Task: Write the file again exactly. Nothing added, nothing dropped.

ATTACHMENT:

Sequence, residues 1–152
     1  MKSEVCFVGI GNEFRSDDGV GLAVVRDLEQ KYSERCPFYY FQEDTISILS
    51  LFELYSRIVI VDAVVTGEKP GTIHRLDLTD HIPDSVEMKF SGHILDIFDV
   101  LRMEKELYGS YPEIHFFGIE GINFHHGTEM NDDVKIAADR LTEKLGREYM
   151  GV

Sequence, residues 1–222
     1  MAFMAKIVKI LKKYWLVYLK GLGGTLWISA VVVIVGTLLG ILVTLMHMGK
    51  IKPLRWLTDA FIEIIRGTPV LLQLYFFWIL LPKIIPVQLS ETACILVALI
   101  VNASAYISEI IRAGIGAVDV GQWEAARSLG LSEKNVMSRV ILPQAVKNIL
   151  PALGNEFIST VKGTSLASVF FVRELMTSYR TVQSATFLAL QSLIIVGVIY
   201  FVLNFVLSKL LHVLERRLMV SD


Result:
Sequence, residues 1–152
     1  MKSEVCFVGI GNEFRSDDGV GLAVVRDLEQ KYSERCPFYY FQEDTISILS
    51  LFELYSRIVI VDAVVTGEKP GTIHRLDLTD HIPDSVEMKF SGHILDIFDV
   101  LRMEKELYGS YPEIHFFGIE GINFHHGTEM NDDVKIAADR LTEKLGREYM
   151  GV

Sequence, residues 1–222
     1  MAFMAKIVKI LKKYWLVYLK GLGGTLWISA VVVIVGTLLG ILVTLMHMGK
    51  IKPLRWLTDA FIEIIRGTPV LLQLYFFWIL LPKIIPVQLS ETACILVALI
   101  VNASAYISEI IRAGIGAVDV GQWEAARSLG LSEKNVMSRV ILPQAVKNIL
   151  PALGNEFIST VKGTSLASVF FVRELMTSYR TVQSATFLAL QSLIIVGVIY
   201  FVLNFVLSKL LHVLERRLMV SD